Arts & Culture
10:12 pm
Mon August 5, 2013

David Amram remembers the San Remo Cafe & Bar in Greenwich Village

I always look forward to emails arriving from my old friend, fellow horn player David Amram. I recently sent him a video interview I did with him a few years ago. That prompted his always gracious thank you and then this account of the San Remo Cafe and Bar in Greewich Village:

l.to r., Phil Hartman, owner of Two Boots, located at the site of the old San Remo Cafe in Greenwich Village, Andrew Berman of the Greenwich Village Society for Historic Preservation and David Amram
Credit David Amram

 July 29, the Greenwich Village Society for Historic Preservation had an honoring ceremony celebrating the San Remo Cafe and Bar.

In the late 1940s and 50s, the San Remo was the premiere haunt for the literary and artistic set. Some of the regulars included Allen Ginsberg, Dylan Thomas, Jack Kerouac, William S. Burroughs, Miles Davis, Frank O'Hara, Judith Malina, Jackson Pollock, James Baldwin, Charles Mingus, myself and Gore Vidal. Several of these artists first met here, and many immortalized the San Remo in their writings.

The old San Remo was a small family owned bistro where some of America's finest artists of all genres met, communed and were welcomed by all the other patrons.

There were no "A" tables, and ego-mania, narcissism and snobbery was neither encouraged nor tolerated. It was a classic neighborhood small place that was pure New York. It was a beloved port of call for many of us.

After I spoke, following the unveiling of the plaque honoring the site and the history of the old San Remo Cafe, I went to have a cup of green tea at the beautiful coffee house on the corner where the old dingy bar once stood, before it was torn down and replaced with the current more elegant interior.

As I drank my tea, surrounded by well dressed preppy types, all working away on their laptops, I had some great deja vu moments in this sparkling new incarnation, now a place with everyone sitting quietly cyberspacing away, or speaking in hushed tones, with almost no New York accents that I could hear...

I flashed back and remembered the raucous growls and shouts which were a symphony of the sounds of Brooklyn, Queens, the Bronx and Staten Island, all filling the night time bar room, blasting through the clouds of choking tobacco smoke, accompanied by the aroma of beer, whisky and perfume, all provided by the fabulous collection of assorted bar flies (including myself 58 years ago (!!!!) in 1955), when I first made NYC my home and went to the San Remo for a few glasses of wine with Charles Mingus, my band leader, after our gig at the old Cafe Bohemia on Barrow Street.

There were always loud arguments about the value of any and every athlete who had performed in NYC, how today's current crop were just a bunch of bums, endless monologues about failed relationships and dead end marriages, pleas and assorted rejections to the panhandlers and free loaders trying to get a free drink, cab drivers telling stories of their latest nightmare customers, off duty neighborhood waiters, waitresses and bartenders dispensing the latest gossip, poets, authors, painters , sculptors and NYU students discussing the good old days of the village (usually decades before they themselves were born) when Edna St Vincent Millay and Eugene O'Neil were hot young writers, and the golden days of the 19th Century when O. Henry, Edgar Allen Poe and Walt Whitman roamed these same streets.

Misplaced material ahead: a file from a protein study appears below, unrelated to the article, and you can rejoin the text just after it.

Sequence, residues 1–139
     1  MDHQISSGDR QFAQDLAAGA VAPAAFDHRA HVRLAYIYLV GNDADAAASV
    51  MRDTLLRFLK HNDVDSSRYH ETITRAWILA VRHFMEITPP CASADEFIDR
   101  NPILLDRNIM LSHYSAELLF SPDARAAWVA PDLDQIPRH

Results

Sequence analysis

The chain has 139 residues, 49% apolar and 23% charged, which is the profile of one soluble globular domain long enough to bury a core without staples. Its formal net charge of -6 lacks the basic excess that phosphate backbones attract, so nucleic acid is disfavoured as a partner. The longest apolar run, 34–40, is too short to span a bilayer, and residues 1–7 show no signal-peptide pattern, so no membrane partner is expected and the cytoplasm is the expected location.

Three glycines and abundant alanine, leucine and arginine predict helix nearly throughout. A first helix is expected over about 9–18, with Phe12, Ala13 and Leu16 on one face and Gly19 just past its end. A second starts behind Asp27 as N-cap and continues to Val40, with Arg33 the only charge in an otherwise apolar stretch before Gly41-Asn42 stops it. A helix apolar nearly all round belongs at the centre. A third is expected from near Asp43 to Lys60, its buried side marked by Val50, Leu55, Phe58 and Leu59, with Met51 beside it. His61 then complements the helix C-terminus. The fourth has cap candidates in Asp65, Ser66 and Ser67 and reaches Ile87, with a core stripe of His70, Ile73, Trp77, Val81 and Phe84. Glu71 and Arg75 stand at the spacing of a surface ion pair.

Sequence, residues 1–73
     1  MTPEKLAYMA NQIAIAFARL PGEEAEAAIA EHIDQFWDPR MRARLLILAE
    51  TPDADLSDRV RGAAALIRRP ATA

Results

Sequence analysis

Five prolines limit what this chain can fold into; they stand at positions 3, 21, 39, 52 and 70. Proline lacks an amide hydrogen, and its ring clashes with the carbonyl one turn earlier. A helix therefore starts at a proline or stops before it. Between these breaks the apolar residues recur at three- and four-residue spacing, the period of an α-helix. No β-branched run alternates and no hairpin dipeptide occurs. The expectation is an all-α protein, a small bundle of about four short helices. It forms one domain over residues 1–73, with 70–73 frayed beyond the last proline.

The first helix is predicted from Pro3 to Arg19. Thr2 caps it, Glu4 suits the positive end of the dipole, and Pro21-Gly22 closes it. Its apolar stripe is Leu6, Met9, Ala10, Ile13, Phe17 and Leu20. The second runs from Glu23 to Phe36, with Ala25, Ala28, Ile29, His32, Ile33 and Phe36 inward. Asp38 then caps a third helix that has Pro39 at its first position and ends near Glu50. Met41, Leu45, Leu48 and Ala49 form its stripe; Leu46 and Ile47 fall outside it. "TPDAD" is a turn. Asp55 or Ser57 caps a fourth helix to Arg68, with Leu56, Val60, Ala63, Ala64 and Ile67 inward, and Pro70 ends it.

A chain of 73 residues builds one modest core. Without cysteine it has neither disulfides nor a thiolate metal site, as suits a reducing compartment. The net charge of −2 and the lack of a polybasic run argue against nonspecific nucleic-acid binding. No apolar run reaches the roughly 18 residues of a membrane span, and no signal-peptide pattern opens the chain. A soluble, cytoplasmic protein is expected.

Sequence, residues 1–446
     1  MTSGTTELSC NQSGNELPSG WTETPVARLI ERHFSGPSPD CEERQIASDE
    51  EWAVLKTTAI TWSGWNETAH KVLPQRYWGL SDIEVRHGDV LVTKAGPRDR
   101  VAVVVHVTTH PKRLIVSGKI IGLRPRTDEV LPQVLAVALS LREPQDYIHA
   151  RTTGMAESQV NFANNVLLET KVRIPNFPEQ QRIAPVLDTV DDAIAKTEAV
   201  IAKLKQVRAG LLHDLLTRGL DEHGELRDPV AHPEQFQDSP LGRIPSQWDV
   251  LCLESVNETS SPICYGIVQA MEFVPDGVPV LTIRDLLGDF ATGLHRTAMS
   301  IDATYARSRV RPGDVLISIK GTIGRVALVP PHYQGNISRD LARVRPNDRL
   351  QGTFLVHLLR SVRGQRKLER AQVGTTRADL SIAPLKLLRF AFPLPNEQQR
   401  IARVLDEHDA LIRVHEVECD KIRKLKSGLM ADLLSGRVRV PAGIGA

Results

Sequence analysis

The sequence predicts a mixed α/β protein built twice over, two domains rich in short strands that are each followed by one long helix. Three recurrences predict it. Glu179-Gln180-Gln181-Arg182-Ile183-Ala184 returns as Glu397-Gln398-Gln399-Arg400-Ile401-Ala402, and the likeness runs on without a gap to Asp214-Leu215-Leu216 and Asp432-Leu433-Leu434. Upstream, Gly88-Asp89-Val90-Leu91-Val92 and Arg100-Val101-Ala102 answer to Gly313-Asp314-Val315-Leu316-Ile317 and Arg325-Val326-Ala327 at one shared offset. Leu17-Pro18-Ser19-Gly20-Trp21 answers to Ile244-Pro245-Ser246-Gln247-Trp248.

And if you dr0pped by in the early afternoon, you could get a free crash course in Neapolitano and Siciliano dialects, the styles of Italian which were spoken by the neighborhood dwellers who came to greet one another before the evening crush. These old timers seemed to tolerate all the outsiders and assorted nut-cases that made the Village so unpredictable and so much fun. And these same old timers often would help out someone who looked insecure, lost or hungry, as long as some basic good manners were exhibited.

The San Remo, a quintessential funky neighbor bar and cafe, was one of the many refuges in the Asphalt Jungle of post World War ll New York. Like everyone else, artists felt at home there. Since almost everyone in the Village was an outsider, this became a common bond that made you eventually feel at home, and the strong Italian-American family feeling made everything seem to balance. That spirit is still here today, even with harder economic times, real estate booms, and outrageous rents.

So all who groan and moan and moan about the good old days can take heart. This event, created by the Greenwich Village Society for Historic Preservation, reminds us all that no matter how hard times might be today, the fact that a great bunch of people banded together to honor what happened sixty years ago is a sign that the good old days are NOW!!!!  

-David Amram